VoIP Phone Numbers.If you plan to be a dedicated VoIP user, you must set up a phone number to receive incoming calls -- and you may have to pay for the privilege. As mentioned, Skype charges up to $6 a month for a VoIP phone number; customers who commit to a full year and/or buy a subscription receive discounts of up to 50 percent. A Google Voice number for use with Hangouts is free but available only in the U.S. Most hardware-based VoIP services grant a phone number gratis and may let you transfer a landline number to your VoIP account. Companies often charge for porting phone numbers, however. Ooma charges $40 to port a number but forgoes the fee if you sign up for an annual subscription. NetTalk Duo simply charges a one-time fee of $20 for number porting, as does Google.
Voicemail, Caller ID, and Other Features.Many of the same convenient features that come with a traditional phone setup, such as voicemail, caller ID, call waiting, and perhaps even a second phone line, are also available with VoIP phone service, often for free, although software-based providers are less generous. Skype offers just a small set of features, such as caller ID, call forwarding, and text messaging, for a fee. Google offers these types of services through Google Voice, which is open only to U.S. users.
Most hardware-based services offer a broad array of features with even basic VoIP plans and typically kick in more with a premium plan. Ooma's $10-a-month premier plan, for example, includes free calls to Canada, three-way conferencing, call forwarding, voicemail-to-email, two lines, and call screening and blocking (the latter a particularly big hit with users). Three-way calling is standard with Vonage, along with call waiting, call transfer, caller ID, and several other features. The basic plans at NetTalk and Lingo also include many common features, although the particulars differ.
Additional Products We Considered
MagicJack Plus Review
MagicJack Plus reviews are favorably disposed toward this new and improved device when stacked against the original. The older version plugged into a PC that had to stay on to receive phone service, but the Plus adapter plugs into a router instead and frees up the PC. A review at PC World equates the call quality with that of a landline -- i.e., loud and clear -- but lowers its overall appraisal due to weak customer service and support. In reviews at Amazon, users are divided. Some insist the sound is clear and strong, not quite as good as a landline but more than acceptable, and others cite delays, interference, and garbled incoming audio. About MagicJack customer service, many reviews blast the company for surprise charges and inadequate and unhelpful sales and tech support. We read comments about dropped calls and problematic reliability with the device itself (rebooting sometimes helps), but many reviewers appreciate the savings and conclude that MagicJack Plus is worth it, warts and all.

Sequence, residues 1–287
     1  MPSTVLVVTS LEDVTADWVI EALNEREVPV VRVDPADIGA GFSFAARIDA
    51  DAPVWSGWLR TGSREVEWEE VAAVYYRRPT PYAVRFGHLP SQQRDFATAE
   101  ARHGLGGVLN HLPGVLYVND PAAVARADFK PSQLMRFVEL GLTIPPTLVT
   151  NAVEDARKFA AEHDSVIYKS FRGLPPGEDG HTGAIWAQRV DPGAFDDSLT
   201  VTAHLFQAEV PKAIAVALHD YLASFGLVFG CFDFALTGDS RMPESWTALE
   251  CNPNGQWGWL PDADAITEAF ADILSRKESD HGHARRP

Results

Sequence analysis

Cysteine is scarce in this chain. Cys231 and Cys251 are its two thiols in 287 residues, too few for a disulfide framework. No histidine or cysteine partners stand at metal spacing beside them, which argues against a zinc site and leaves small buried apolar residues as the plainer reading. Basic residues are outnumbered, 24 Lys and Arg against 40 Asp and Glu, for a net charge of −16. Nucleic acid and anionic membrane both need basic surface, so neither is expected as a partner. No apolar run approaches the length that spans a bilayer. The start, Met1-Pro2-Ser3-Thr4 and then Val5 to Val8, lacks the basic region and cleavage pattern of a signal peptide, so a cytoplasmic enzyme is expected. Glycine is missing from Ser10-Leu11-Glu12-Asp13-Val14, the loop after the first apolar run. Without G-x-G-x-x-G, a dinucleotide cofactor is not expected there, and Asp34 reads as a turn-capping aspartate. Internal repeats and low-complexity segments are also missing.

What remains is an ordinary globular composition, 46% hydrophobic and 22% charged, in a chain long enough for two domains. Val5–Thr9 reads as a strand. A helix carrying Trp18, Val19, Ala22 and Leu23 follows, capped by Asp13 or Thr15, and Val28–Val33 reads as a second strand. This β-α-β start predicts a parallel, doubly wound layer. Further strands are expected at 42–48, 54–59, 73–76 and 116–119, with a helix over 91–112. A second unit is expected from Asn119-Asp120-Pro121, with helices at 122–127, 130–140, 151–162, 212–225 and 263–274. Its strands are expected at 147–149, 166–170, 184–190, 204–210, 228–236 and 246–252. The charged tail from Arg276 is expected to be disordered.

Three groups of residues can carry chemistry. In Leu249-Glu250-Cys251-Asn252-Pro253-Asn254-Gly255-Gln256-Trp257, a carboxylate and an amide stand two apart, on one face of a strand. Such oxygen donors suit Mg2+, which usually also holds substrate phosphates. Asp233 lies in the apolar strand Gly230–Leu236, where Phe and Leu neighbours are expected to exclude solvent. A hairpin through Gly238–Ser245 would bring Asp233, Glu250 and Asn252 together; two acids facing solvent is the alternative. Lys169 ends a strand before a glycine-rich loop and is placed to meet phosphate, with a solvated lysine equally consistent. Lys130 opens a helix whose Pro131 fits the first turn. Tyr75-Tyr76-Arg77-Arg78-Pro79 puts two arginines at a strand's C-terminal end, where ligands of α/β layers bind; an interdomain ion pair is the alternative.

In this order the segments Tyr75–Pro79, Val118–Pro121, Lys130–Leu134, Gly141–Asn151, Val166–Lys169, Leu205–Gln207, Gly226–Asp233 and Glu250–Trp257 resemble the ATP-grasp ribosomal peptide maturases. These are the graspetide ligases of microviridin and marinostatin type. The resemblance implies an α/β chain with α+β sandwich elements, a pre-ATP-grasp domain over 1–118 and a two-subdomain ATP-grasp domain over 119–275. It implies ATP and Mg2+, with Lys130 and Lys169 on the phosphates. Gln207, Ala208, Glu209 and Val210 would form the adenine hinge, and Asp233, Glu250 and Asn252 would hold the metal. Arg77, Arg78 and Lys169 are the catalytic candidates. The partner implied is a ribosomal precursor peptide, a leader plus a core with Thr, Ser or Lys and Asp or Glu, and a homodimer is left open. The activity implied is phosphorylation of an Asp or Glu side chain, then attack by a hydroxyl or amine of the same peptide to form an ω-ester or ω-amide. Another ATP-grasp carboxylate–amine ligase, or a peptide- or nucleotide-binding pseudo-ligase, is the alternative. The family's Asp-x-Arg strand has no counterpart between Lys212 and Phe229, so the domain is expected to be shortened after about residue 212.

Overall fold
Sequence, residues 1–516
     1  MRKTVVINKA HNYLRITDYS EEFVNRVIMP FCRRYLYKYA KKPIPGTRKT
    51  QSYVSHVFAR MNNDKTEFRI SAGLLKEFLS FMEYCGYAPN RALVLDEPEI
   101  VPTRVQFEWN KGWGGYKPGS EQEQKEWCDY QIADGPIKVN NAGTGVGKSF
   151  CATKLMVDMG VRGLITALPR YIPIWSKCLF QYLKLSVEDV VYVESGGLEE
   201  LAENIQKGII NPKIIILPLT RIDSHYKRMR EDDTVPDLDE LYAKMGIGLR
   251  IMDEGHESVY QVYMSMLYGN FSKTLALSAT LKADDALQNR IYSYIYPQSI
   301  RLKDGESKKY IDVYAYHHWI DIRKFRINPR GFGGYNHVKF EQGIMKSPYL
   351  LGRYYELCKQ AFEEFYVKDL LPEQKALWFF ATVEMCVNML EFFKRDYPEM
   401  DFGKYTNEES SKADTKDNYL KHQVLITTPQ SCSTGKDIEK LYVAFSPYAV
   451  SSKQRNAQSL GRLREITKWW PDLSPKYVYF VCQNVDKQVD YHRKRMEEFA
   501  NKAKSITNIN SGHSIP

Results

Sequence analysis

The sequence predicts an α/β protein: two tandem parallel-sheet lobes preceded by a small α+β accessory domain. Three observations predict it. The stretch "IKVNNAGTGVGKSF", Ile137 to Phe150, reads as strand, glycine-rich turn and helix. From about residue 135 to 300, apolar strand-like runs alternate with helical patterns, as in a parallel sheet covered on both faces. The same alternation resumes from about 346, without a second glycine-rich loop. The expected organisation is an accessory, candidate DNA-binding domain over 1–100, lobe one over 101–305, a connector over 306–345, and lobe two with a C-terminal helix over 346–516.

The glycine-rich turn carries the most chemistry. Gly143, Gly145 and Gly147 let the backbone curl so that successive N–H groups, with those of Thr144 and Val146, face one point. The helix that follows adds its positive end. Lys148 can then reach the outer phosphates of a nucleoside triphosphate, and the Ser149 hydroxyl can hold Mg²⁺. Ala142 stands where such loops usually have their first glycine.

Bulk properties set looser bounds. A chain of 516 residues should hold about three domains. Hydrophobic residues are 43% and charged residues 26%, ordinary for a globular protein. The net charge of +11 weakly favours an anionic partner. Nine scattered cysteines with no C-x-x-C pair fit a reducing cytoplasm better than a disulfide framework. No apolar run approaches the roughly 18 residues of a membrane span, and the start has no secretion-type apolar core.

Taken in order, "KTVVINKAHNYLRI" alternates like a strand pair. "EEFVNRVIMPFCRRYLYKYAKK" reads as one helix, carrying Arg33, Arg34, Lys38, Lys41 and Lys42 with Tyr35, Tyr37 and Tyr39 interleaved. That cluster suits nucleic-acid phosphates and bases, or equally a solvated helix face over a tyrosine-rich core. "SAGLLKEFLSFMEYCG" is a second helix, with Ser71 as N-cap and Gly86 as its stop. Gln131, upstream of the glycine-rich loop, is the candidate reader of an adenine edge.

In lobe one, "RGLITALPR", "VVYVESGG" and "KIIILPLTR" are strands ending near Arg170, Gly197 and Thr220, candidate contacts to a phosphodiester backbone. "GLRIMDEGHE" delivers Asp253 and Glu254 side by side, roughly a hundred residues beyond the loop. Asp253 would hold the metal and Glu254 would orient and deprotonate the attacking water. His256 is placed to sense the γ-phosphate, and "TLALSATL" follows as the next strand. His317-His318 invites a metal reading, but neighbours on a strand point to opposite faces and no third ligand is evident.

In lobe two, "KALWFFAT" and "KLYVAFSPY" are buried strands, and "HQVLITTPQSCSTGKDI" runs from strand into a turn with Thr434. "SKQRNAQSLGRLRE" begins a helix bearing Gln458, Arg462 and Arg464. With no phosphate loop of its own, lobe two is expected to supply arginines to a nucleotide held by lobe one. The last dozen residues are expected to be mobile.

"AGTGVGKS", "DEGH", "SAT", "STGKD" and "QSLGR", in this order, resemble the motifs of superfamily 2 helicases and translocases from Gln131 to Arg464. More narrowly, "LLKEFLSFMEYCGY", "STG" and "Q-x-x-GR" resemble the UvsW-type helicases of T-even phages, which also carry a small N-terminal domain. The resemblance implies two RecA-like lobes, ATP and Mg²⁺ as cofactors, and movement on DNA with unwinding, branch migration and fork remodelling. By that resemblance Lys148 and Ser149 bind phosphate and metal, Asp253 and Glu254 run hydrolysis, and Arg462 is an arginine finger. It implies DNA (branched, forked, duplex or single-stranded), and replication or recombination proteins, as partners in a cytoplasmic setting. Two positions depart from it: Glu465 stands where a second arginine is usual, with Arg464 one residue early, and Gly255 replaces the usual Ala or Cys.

MagicJack Plus costs $70 upfront and $30 a year for unlimited calls in the U.S. and Canada, making this one of the cheapest deals around. (Your bill will be topped off by taxes and fees.) This VoIP service does not offer international calling plans, but calls from outside the U.S. to a MagicJack user here are free. MagicJack charges a one-time fee of $20 to port an existing phone number, plus an additional $10 annually after the first year of service. This service is light on free features, although the basics are there: caller ID, call waiting, voicemail, and directory assistance.
This is a cheap, mostly reliable VoIP service. Call quality is decent, although it may not always be quite as good as a landline phone, and users attest to the simple setup. MagicJack Plus is not perfect by any means, and customer service leaves something to be desired, but given its price point, it deserves a look.